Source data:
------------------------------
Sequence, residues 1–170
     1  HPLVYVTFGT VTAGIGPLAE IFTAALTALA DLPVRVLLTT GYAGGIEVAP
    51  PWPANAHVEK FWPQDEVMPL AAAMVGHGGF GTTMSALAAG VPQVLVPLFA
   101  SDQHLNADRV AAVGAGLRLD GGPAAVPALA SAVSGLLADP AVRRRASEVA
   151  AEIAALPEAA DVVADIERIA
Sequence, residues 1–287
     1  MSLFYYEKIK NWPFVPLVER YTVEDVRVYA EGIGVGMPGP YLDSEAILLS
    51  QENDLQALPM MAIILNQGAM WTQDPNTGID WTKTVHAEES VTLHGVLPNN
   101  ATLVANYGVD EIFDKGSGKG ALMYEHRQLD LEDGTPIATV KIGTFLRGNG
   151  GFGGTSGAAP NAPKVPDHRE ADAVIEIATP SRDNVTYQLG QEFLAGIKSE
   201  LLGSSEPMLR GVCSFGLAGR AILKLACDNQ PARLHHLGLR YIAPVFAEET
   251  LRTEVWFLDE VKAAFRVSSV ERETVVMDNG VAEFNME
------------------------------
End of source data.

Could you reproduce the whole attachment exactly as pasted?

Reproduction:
Sequence, residues 1–170
     1  HPLVYVTFGT VTAGIGPLAE IFTAALTALA DLPVRVLLTT GYAGGIEVAP
    51  PWPANAHVEK FWPQDEVMPL AAAMVGHGGF GTTMSALAAG VPQVLVPLFA
   101  SDQHLNADRV AAVGAGLRLD GGPAAVPALA SAVSGLLADP AVRRRASEVA
   151  AEIAALPEAA DVVADIERIA
Sequence, residues 1–287
     1  MSLFYYEKIK NWPFVPLVER YTVEDVRVYA EGIGVGMPGP YLDSEAILLS
    51  QENDLQALPM MAIILNQGAM WTQDPNTGID WTKTVHAEES VTLHGVLPNN
   101  ATLVANYGVD EIFDKGSGKG ALMYEHRQLD LEDGTPIATV KIGTFLRGNG
   151  GFGGTSGAAP NAPKVPDHRE ADAVIEIATP SRDNVTYQLG QEFLAGIKSE
   201  LLGSSEPMLR GVCSFGLAGR AILKLACDNQ PARLHHLGLR YIAPVFAEET
   251  LRTEVWFLDE VKAAFRVSSV ERETVVMDNG VAEFNME